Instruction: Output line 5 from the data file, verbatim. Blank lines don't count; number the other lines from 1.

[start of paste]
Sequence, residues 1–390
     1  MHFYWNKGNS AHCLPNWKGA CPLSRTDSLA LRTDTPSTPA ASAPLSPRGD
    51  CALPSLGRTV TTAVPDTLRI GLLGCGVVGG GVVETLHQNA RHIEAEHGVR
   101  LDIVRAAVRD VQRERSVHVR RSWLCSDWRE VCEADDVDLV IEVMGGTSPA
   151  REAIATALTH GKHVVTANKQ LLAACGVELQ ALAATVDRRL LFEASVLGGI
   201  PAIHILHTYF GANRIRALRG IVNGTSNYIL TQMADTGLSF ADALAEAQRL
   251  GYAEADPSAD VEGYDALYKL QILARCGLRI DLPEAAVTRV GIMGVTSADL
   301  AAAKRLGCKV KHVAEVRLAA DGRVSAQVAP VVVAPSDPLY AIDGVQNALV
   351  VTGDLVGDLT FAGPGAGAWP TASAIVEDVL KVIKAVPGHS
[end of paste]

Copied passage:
   151  REAIATALTH GKHVVTANKQ LLAACGVELQ ALAATVDRRL LFEASVLGGI